Aboard the overnight train, I realized with ashamed horror that I’d mistakenly booked a passenger seat instead of a bunk. It’s a common theme among self-planned expeditions: mistakes that make you curse yourself. Oh well, another story to tell friends upon return, another lesson to be stored in the book entitled: Things My Backpack Taught Me.
I slept anyway, like one who has trained herself to sleep in all positions and locations; even in a small, freezing, upright passenger chair with those hideous, buzzing fluorescent lights casting their death rays upon me. When I woke, darkness permeated the windows, huge swirls of eerie, silent snow cascaded about on polar winds. I felt like “the boy” in “The Polar Express.” Would I see Santa and receive the first gift of Christmas?
Disembarking at Kolari Station, my stomach gurgled with trepidation. Finally I’d come to a situation where I couldn’t rest on my electronic laurels. Now I must speak to locals. I found less humans meant less anxiety, though. In a crowd, people are pushy and careless. In sparseness, I can see them for their individuality and be at peace with myself and others.
I found the bus easily and slipped inside. As the sun brightened, the only color aside from pure, blank white was the deep green of slender pines. The total lack of pigment was jarring: a wispy sky flowed into an ice-capped two-lane road, neatly framed by those sentinel pines, horizon hidden in nuance.
Two weeks of white wilderness allows the term “quiet” to form its own persona. Not merely the absence of sound, but the hush of chaffing anxieties and clean, cold scent of standing snow drifts and imprecise periwinkle purple that never shows up in all 148 pictures of twilight you’ve taken. You have no proof, but it’s there. The sun glanced up around 11 every morning, only to stumble back below the horizon two hours later. I’d spend these hours layering myself in as much clothing as possible to trudge through 20 minutes of −28 degrees, which was the path into town. My hair froze, my phone refused to operate, the exposed skin on my face numbed, and it was incredible.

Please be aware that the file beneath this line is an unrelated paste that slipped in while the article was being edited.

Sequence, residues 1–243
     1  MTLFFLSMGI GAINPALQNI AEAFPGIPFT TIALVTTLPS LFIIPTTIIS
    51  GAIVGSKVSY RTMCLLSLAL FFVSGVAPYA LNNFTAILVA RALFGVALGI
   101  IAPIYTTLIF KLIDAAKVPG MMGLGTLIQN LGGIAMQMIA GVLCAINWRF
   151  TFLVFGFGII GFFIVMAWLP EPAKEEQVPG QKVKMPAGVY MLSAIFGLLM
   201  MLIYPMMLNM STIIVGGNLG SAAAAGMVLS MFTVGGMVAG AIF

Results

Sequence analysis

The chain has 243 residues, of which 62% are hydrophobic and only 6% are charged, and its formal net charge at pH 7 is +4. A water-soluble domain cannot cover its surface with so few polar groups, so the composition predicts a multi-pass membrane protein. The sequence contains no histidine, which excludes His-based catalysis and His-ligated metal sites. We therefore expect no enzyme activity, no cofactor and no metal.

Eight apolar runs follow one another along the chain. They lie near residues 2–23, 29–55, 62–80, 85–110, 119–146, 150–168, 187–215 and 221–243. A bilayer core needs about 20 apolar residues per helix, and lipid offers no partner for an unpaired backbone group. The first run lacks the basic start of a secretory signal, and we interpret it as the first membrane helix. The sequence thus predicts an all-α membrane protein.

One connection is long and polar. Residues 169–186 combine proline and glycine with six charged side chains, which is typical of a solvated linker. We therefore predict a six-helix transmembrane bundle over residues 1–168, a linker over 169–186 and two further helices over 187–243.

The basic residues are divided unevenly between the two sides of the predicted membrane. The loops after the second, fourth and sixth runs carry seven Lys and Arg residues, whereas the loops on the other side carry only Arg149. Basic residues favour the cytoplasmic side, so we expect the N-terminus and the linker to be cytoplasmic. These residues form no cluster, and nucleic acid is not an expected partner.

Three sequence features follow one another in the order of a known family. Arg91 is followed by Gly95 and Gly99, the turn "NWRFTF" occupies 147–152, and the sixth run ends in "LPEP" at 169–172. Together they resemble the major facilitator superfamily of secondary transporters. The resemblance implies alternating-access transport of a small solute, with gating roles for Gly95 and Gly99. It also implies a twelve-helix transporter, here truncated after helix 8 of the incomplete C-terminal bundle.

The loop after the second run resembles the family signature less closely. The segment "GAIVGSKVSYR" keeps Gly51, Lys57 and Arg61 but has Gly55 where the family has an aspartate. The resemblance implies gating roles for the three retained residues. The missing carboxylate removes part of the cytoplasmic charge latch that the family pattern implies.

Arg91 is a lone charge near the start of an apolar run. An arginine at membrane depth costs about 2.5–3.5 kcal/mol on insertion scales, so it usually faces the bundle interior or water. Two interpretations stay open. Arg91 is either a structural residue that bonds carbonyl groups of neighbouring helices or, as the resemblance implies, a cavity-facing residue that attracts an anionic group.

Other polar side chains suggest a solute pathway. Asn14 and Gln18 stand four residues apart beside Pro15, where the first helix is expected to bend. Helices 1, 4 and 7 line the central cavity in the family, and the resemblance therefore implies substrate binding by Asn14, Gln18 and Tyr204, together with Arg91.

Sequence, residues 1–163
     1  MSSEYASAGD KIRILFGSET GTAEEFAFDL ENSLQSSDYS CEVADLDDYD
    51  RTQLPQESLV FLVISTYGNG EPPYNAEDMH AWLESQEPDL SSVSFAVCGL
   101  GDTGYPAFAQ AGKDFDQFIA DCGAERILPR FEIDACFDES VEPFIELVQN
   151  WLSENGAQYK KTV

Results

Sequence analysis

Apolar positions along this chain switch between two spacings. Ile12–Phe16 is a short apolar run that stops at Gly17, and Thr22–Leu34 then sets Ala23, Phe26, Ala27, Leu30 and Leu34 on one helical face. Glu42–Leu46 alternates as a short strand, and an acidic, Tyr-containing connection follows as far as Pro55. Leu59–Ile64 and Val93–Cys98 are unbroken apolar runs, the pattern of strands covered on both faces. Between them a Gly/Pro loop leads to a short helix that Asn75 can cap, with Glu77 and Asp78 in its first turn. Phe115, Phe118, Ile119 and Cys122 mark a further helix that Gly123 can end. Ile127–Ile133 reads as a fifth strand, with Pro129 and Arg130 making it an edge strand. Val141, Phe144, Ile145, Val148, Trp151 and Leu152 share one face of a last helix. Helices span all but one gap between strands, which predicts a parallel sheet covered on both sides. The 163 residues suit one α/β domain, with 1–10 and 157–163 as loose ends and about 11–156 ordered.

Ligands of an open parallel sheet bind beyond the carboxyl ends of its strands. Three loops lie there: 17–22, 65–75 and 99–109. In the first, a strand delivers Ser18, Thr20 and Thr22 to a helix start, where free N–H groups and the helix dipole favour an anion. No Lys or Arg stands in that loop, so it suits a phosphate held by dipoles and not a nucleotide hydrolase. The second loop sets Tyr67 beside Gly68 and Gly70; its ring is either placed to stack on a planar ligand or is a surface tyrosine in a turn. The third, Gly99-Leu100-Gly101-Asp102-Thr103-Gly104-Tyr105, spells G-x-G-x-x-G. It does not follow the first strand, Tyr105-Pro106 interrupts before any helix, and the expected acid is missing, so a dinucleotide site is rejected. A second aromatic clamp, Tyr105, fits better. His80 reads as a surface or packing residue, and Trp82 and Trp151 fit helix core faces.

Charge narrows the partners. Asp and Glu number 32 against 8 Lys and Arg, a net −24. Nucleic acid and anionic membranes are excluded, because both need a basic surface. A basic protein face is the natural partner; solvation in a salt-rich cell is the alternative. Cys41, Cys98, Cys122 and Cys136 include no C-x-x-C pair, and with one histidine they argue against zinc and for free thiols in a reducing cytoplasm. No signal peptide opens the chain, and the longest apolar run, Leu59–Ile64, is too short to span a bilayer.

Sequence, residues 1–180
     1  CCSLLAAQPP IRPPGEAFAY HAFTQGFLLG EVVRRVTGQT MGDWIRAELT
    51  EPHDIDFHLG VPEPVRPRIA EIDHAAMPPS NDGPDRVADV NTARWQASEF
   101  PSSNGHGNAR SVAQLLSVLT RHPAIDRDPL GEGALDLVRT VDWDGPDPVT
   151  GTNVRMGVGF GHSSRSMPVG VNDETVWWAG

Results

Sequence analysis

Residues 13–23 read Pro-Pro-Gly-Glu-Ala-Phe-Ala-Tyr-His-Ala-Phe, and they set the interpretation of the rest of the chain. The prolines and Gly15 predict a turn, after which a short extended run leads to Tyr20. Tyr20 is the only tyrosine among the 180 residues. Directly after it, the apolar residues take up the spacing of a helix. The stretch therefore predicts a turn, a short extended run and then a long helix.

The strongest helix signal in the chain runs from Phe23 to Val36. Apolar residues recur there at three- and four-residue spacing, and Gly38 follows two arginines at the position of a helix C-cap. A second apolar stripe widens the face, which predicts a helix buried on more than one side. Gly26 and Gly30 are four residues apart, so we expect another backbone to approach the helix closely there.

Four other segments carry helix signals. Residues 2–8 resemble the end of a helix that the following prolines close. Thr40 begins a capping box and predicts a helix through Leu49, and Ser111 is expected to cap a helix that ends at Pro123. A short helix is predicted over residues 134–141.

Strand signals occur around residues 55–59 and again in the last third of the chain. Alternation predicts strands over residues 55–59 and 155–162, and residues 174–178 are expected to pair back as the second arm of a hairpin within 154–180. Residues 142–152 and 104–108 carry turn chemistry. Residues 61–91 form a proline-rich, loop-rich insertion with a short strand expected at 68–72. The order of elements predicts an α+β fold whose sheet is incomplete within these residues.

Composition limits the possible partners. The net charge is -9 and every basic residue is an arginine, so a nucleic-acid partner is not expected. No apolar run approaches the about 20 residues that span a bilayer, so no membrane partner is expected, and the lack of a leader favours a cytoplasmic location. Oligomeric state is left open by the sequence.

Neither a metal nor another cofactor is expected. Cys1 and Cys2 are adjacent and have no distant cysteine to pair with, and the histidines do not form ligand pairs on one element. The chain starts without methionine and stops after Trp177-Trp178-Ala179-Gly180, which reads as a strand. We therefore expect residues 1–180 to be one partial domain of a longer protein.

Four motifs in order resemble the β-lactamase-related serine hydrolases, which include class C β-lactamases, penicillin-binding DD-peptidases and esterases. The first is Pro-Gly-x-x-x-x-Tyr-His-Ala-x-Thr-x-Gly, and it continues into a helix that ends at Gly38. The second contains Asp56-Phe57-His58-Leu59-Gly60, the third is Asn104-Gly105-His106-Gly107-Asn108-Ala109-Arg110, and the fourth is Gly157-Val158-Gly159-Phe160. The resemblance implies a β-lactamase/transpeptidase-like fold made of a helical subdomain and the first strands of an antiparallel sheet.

The gem of Äkäslompolo’s magic lies in the night, though. By town mandate, lights must be extinguished by 10 p.m. The entire settlement finds itself glued to trackers, just waiting for that perfect magnetic, cloudless swoop to usher in what we’ve all come so far to see: The Lights. I cried the first time I saw, hugged strangers, let out a wild whoop of astonishment, sang long-forgotten hits of the ’80s. You think pictures will prepare you, but the reality is much more elusive and overpowering. It was as if the sky became another plane of existence in which strange entities rippled the fabric of space with incandescent waves. From pearl to emerald to ruby, treasures danced across the cosmos.
On Christmas Eve, the hostel inhabitants joined forces under the instruction of a Romanian couple to produce a feast. I chopped and mixed a salad with a Serbian snowboarder. Two Australians and a Chilean prepared the soup. The owner of 7 Fells set off to greet the sacred darkness of the night, joining local proprietors in lighting the road to town with hundreds of flickering candles. Her Finnish friends readied us for a traditional sauna. A Chinese astronomer gave us hourly updates on flare projections. All the while, our Romanian chefs slaved over two mouth-watering lasagnas.